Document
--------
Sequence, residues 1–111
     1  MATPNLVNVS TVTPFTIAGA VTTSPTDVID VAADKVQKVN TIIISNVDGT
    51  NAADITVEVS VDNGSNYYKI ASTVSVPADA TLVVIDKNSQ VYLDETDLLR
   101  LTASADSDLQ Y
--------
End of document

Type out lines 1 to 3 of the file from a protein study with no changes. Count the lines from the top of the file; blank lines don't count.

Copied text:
Sequence, residues 1–111
     1  MATPNLVNVS TVTPFTIAGA VTTSPTDVID VAADKVQKVN TIIISNVDGT
    51  NAADITVEVS VDNGSNYYKI ASTVSVPADA TLVVIDKNSQ VYLDETDLLR